A review of "In the Blue Light" by Toronto Blues Critic John Valentene.

Veteran Regina guitarist Jack Semple is not well known, no doubt because he doesn’t travel much. He augments his blues income with TV & movie soundtrack work and commercial jingles, and is rather successful at it, it seems from his web site. Already an accomplished player, he did come to Toronto in the 80’s, where he fell in with The Lincolns. After a couple of years with them, he returned to be with his family and has now released his ninth CD. He took his love of R&B back with him and that remains his bedrock style. He works with an augmented trio here, Steve Hoy on drums and Dave Chobot on bass, keyboards and bg vocals but what sets this album apart is Semple’s songwriting, very good tunes delivered in a high, plaintive voice, and that combination has propelled him up the charts in the short time since its release. “Howlin’” is a very attractive opener, a funky bit of autobiography that may be one of the finest ‘why I sing the blues’ songs extant – how he came to be ‘in the blue light’. Here, and through the whole disc, his guitar work is spectacular, how he has avoided being recognized by an MBA nomination is beyond me. Another highlight is “Lord Have Mercy”, a tender love song with a gorgeous melody and a nicely varied arrangement. “Nothin’ To Lose” is a fine blues that unfortunately has a few too many cliché phrases. “Brand New Low” is a one-chord diatribe on politicians and the media that will have lots of listeners nodding in agreement. This one is augmented with beautifully arranged horns. A perceptive slow blues, “Shut Up”, tells people to stop complaining so much, to recognize how well off they really are. The group’s virtuosity is spotlighted with a couple of knockout instrumentals: “Spankin’” & “Little Joe”. At www.jacksemple.com, he calls his rhythm section “the best groove machine north of Memphis” – you’ll have to get this one to listen for yourself but having good tunes to play surely helps!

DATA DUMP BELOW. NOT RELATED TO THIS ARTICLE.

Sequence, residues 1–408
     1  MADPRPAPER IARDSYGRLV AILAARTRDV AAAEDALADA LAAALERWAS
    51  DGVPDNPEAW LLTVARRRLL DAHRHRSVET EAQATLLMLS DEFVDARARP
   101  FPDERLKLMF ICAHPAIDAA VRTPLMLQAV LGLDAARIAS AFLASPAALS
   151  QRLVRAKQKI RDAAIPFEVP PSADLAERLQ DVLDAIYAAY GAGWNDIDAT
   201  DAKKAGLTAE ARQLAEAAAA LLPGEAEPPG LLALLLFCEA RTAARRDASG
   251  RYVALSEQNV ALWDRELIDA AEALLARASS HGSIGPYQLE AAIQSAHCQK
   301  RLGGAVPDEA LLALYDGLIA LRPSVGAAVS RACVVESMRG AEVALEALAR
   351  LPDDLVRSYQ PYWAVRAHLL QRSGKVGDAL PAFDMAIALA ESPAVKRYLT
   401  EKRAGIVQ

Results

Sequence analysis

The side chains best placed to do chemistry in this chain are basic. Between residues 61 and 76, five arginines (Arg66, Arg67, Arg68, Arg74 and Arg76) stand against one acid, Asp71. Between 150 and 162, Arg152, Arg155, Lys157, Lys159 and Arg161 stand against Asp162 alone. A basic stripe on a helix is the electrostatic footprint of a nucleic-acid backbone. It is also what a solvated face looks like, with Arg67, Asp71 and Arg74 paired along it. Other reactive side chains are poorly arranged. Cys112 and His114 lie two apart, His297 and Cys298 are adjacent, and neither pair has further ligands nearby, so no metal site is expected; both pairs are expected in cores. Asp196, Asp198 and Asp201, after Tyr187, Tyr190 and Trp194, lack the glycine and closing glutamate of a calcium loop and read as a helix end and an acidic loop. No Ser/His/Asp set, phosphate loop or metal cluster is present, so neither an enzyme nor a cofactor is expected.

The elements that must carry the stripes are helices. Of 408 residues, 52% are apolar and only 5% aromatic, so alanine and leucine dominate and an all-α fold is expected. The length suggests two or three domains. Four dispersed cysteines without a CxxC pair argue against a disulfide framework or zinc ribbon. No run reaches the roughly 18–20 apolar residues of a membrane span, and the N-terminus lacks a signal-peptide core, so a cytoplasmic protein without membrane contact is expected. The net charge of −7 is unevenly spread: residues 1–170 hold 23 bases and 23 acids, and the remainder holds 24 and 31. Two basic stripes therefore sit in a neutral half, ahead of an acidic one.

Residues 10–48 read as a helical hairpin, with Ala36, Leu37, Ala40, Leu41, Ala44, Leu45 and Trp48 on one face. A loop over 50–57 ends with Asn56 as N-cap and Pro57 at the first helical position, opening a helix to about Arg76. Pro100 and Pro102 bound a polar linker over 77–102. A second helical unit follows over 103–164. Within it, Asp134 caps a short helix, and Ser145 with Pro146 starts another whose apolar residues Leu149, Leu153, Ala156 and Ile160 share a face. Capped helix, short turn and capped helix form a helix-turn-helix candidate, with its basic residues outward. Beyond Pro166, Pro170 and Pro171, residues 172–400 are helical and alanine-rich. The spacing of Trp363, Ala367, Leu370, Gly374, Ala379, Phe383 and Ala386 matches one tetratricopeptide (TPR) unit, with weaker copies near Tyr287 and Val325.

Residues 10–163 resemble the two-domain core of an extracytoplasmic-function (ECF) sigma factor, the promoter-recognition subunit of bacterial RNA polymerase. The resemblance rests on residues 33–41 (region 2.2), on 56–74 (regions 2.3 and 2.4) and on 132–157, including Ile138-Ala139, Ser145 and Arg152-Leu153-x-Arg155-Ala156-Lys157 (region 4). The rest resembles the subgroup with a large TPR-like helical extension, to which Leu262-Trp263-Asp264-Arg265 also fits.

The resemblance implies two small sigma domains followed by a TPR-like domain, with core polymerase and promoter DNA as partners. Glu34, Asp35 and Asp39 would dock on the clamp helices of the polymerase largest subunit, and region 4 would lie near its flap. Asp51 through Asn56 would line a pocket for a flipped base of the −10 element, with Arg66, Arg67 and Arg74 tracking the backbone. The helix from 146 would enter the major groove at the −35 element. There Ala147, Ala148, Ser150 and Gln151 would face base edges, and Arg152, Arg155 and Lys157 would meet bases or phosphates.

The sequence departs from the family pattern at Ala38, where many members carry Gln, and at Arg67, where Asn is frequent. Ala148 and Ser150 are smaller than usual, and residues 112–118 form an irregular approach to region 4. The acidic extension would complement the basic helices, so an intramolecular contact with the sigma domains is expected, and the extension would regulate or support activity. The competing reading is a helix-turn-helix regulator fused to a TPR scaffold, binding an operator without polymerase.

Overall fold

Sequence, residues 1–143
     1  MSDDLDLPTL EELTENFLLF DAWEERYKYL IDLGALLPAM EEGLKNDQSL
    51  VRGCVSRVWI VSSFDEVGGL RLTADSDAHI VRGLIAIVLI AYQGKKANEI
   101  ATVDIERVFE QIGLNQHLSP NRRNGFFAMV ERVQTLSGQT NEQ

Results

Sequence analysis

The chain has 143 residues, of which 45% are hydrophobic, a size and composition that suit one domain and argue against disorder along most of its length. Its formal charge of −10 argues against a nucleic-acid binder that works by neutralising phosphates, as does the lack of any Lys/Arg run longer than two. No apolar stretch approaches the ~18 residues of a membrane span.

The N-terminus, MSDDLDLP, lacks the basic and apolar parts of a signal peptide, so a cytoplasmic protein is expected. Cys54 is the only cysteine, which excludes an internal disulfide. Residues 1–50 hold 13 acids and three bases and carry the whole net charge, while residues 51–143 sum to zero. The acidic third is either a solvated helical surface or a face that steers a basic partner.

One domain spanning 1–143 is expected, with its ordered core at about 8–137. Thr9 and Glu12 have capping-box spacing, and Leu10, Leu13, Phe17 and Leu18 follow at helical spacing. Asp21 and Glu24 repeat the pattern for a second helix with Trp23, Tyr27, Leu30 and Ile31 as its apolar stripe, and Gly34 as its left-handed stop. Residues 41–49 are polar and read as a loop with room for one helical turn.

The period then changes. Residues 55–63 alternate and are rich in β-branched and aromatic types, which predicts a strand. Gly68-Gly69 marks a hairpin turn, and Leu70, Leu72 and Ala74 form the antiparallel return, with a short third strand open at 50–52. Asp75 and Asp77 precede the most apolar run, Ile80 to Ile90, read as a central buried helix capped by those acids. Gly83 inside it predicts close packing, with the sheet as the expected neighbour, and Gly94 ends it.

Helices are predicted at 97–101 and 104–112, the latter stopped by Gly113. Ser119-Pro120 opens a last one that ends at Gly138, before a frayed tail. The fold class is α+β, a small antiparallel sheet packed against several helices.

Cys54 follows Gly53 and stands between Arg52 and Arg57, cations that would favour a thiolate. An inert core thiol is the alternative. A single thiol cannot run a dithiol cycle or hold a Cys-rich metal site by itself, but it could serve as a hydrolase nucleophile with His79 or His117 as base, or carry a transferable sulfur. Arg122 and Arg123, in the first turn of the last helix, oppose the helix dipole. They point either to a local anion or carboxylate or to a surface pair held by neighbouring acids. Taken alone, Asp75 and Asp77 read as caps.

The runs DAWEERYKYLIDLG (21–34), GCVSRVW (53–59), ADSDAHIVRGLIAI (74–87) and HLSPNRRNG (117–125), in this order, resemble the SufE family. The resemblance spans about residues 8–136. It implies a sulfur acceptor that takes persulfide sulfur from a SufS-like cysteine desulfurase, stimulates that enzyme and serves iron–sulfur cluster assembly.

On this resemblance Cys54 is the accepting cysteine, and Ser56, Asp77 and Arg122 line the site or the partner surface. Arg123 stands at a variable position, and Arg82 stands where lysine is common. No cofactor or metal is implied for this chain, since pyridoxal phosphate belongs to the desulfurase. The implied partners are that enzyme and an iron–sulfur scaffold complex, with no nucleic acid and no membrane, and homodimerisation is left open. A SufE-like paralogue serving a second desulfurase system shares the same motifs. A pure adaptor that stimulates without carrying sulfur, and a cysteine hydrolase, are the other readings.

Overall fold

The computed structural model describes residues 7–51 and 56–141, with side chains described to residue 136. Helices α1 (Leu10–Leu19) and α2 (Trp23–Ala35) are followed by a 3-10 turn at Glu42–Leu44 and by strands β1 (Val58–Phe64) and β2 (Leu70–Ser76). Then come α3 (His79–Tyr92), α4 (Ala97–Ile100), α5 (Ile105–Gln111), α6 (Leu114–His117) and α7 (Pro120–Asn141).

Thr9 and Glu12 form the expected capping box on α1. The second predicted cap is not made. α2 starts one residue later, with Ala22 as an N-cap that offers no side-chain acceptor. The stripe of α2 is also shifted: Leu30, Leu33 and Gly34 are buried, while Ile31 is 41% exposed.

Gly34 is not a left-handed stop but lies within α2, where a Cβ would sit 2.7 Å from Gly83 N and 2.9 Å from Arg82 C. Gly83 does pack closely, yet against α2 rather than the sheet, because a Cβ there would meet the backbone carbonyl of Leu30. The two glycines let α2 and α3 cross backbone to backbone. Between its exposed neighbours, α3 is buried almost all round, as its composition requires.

A Brand new Low